Google play and apple app stores distributing malware

Researchers at CheckPoint Software have discovered a new form of malware being distributed through a popular application in the Google Play Store. “The malware, packaged within an Android game app called BrainTest, had been published to Google Play twice. Each instance had between 100,000 and 500,000 downloads according to Google Play statistics, reaching an aggregated infection rate of between 200,000 and 1 million users.” The malware establishes a rootkit on the infected mobile device, opening a backdoor which could allow for the additional installation of a malicious program or the theft of user credentials. Additionally, it utilizes an anti-uninstall feature which re-downloads the malicious program if it is deleted by the user. The malware was capable of bypassing Google Bouncer, the Play Store’s anti-virus protection feature, by tracking IPs used by Google – if the program was opened by a Google-based IP address for testing, the malicious component of the application wasn’t launched.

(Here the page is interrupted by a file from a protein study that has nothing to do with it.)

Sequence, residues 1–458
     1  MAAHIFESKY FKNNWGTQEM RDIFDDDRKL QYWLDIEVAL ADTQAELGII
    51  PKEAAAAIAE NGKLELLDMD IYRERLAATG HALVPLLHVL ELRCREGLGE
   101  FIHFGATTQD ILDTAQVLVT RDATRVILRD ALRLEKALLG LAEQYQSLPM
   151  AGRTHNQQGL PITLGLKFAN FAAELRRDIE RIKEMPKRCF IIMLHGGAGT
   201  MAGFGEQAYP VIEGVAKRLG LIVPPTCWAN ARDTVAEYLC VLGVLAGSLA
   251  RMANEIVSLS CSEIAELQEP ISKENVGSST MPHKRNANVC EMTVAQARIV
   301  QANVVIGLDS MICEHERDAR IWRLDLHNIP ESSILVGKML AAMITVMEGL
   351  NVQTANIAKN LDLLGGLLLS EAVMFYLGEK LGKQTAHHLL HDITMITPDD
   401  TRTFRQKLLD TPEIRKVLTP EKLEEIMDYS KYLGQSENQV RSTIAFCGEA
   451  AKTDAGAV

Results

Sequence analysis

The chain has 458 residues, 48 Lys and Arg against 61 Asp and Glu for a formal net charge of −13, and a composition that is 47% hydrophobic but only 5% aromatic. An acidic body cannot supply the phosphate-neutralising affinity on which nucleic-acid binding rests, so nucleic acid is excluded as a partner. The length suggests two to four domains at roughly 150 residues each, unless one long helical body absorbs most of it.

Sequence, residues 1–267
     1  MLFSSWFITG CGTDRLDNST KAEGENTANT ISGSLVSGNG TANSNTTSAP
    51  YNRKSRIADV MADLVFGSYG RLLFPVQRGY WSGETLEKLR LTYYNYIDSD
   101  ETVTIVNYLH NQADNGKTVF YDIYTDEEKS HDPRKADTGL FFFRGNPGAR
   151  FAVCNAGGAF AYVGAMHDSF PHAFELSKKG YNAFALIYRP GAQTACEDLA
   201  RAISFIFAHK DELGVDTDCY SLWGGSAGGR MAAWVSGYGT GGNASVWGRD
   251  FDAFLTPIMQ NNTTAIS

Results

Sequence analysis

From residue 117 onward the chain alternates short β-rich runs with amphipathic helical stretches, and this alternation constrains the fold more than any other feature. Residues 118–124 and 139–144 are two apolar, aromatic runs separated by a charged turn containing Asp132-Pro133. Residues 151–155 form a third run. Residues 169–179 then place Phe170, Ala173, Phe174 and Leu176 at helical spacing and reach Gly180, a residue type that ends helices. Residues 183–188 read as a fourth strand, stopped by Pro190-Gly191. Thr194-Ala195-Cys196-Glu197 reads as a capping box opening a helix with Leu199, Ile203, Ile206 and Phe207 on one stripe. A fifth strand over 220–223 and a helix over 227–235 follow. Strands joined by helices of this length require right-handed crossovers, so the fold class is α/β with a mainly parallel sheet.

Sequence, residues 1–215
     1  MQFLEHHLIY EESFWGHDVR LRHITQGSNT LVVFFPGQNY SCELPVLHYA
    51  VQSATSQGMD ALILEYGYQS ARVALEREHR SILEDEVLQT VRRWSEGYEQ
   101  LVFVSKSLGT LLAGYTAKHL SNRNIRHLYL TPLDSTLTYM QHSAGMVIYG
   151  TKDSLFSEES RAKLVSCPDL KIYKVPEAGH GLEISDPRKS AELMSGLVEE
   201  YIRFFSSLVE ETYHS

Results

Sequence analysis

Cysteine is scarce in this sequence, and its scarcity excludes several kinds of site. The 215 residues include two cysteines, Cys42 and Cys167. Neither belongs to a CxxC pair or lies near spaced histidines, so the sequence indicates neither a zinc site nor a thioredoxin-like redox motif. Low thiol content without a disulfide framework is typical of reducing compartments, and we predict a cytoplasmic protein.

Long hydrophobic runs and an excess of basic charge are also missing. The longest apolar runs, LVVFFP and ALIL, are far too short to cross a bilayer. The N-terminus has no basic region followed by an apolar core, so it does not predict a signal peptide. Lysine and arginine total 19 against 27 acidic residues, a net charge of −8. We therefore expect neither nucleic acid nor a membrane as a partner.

Mobile security company Lookout also reported a malware infection called XcodeGhost distributed through the Apple App store that may have affected millions of iOS devices. “The malicious code may have hundreds of millions of victims and is present in well-known apps such as WeChat, a globally-popular messaging app with over 600 million active users, 100 million of which are outside of the U.S.; and CamCard, a Chinese-created business card reader, that has gained global popularity.” At this point, the full extent of the malicious program’s capability is not clear, with some reports claiming that it collects user data and others claiming that it can remotely command the infected device.

Similar to the BrainTest malware, XcodeChost used sophisticated methods to infiltrated Apple’s App Store. XcodeGhost's creators reverse engineered Apple’s application development tool Xcode to insert malicious code into legitimate apps. According to Lookout, “XcodeGhost’s creators repackaged Xcode installers with the malicious code and published links to the installer on many popular forums for iOS/OS X developers. Developers were enticed into downloading this tampered version of Xcode because it would download much faster in China than the official version of Xcode from Apple’s Mac App Store.”